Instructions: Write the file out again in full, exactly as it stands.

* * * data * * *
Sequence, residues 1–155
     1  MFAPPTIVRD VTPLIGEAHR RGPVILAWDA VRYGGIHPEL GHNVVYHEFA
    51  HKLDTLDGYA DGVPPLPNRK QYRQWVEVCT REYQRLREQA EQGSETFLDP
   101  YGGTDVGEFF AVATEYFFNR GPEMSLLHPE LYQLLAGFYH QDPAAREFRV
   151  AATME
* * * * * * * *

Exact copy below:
Sequence, residues 1–155
     1  MFAPPTIVRD VTPLIGEAHR RGPVILAWDA VRYGGIHPEL GHNVVYHEFA
    51  HKLDTLDGYA DGVPPLPNRK QYRQWVEVCT REYQRLREQA EQGSETFLDP
   101  YGGTDVGEFF AVATEYFFNR GPEMSLLHPE LYQLLAGFYH QDPAAREFRV
   151  AATME